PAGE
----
@shellforlife - It is great to have a wrinkle buddy! I am only 28 and I swear the wrinkles started appearing all in one day. My husband just laughs at me, and says he can barely see anything. But I have started to become more religious about applying a daily spf moisturizer but to no avail the wrinkles keep coming, but at least I know I am taking care of my skin!

Another thing that I would like to add to my routine for taking care of my skin is figuring out either how to tan my fair skin or the best sunless tanner for fair skin...any suggestions!


I have always envied those who have a darker skin tone and can get a good summer tan. With my fair skin, this could take hours in the sun. I don't have time for this, nor do I think it is good to spend too much time in the sun.

The best self tanner for fair skin that I have used is Jergens. They have several different kinds to choose from depending on the color of your skin tone. It is reasonably priced and it has worked the best for me.

Some self tanners will leave your skin looking orange, but the key to any of them is to make sure you evenly apply the lotion. It doesn't take long before you will see your skin looking like it has some color.

This is perfect for spring when you are ready to wear shorter sleeves and pants and want a little bit of color on your skin.


I am not a big fan of tanning beds, but have used them a few times in the past. For many people with fair skin, tanning can be a difficult thing to achieve.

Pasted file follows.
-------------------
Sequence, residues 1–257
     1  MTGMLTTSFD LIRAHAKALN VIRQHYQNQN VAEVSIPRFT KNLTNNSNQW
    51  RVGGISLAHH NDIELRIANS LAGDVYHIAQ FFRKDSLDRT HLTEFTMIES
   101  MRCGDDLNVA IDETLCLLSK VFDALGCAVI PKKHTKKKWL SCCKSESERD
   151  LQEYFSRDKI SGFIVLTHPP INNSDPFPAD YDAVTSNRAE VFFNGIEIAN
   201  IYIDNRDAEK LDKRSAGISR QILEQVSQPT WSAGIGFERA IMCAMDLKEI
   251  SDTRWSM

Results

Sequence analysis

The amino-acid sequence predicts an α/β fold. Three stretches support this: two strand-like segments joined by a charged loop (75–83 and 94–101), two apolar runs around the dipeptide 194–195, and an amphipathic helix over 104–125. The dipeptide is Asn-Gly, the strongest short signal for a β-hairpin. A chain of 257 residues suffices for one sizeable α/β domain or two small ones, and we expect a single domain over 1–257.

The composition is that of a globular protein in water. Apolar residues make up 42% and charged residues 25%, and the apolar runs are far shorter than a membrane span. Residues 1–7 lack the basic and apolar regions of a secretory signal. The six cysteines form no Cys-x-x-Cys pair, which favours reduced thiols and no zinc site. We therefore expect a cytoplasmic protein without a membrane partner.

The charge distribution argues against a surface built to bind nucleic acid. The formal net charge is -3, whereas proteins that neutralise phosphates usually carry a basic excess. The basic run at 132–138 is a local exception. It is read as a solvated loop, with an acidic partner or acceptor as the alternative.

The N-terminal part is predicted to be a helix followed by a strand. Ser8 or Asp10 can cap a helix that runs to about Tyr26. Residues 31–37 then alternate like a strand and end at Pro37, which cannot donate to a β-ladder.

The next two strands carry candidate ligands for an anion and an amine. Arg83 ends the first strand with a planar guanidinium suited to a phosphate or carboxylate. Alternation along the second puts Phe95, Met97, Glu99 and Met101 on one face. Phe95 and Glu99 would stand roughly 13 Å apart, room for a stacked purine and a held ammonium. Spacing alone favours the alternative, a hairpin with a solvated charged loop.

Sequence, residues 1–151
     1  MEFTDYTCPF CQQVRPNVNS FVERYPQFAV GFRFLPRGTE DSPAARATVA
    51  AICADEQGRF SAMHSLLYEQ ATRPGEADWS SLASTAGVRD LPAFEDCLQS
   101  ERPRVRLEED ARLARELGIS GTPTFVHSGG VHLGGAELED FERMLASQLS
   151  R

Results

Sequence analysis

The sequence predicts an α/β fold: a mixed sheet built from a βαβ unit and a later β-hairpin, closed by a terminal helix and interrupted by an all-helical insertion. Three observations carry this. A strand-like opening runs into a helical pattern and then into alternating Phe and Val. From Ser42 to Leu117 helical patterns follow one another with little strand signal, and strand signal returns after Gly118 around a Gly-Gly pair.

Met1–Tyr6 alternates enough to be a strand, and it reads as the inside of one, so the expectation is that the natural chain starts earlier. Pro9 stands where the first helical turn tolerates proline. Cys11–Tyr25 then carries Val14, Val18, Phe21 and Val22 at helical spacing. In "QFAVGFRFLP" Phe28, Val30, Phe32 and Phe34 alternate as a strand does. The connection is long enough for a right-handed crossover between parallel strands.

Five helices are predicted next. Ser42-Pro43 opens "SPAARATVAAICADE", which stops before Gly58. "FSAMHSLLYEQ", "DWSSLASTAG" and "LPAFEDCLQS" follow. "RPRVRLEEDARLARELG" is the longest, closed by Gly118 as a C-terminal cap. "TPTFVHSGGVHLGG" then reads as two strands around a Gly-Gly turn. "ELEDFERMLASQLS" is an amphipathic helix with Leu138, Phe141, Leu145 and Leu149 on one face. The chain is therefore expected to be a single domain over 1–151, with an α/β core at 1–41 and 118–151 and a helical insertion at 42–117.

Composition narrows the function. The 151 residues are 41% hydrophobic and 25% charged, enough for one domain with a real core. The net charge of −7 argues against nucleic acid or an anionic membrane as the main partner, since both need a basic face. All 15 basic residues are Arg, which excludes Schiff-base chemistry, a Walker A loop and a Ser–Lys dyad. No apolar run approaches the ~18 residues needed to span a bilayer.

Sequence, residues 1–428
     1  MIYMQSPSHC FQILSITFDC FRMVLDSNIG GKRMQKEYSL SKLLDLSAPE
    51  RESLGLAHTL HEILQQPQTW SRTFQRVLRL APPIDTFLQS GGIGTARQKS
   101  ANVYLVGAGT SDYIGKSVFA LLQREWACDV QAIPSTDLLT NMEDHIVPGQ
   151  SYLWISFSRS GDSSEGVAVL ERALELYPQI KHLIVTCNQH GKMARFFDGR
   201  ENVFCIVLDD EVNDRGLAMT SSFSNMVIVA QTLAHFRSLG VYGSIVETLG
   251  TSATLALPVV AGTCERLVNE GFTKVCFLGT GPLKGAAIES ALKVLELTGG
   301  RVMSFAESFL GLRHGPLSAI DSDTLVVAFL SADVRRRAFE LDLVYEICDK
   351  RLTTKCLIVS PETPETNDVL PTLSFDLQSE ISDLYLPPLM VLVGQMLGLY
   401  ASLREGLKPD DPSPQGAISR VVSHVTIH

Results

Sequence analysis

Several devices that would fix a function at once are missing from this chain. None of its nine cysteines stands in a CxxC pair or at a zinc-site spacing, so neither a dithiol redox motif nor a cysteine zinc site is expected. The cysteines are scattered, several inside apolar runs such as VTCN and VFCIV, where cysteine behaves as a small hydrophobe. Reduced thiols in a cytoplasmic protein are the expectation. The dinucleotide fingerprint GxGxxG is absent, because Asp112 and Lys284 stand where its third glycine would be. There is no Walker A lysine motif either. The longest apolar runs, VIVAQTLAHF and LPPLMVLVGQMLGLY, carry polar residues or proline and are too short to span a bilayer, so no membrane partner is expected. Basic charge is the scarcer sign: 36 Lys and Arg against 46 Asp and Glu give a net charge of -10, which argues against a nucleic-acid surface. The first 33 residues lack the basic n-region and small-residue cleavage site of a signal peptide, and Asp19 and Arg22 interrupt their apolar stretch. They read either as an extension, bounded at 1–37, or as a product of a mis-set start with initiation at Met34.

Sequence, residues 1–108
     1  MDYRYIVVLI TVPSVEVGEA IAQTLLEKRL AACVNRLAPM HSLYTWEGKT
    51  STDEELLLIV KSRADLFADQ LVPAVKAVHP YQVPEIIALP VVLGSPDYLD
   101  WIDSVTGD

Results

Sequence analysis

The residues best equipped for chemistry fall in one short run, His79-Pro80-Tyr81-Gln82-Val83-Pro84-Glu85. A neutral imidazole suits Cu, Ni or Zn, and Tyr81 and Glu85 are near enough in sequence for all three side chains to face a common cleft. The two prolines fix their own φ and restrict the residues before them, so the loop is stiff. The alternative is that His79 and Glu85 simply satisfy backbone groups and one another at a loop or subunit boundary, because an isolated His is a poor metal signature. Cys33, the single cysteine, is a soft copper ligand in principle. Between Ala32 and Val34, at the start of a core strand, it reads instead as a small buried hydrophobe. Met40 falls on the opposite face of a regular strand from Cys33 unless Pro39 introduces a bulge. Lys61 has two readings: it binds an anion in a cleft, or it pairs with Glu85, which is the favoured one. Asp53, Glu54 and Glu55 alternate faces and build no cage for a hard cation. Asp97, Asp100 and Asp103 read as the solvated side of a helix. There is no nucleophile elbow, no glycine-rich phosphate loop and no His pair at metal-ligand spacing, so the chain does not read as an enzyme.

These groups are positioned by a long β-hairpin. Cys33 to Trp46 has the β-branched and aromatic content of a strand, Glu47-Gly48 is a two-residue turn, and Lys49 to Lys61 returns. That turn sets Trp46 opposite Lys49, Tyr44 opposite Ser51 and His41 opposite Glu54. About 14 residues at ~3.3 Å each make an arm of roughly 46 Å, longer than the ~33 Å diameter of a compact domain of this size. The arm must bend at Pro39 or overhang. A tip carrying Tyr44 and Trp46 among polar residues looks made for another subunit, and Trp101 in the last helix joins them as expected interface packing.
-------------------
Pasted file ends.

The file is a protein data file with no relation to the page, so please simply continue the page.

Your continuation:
When I went on a cruise in the middle of winter, I went to a tanning bed for a few sessions to get some exposure before I went on my cruise.

Even though I am faithful about applying sunscreen, I didn't want my cruise to be ruined by a bad sunburn.

When I used the tanning bed, I only went for a few minutes each time and gradually worked my way up to 20 minutes each time. This gave me a good start on a tan, and I was able to enjoy the time in the sun on my trip without worrying about getting burned.


My grandson has blond hair, blue eyes and also has very fair skin. If he is going to be outside for any length of time at all, he needs to have sunscreen on.

In the summer they just get in the habit of applying sunscreen every day because they spend a lot of time outdoors.

People who have fair skin will burn in the sun much faster than those who have a darker skin tone. I might burn the first time I am out in the sun for a long time, but after that I will tan all summer long.

With my grandson, he never gets a tan no matter how often he is in the sun. His fair skin will burn every time if he doesn't have protection on.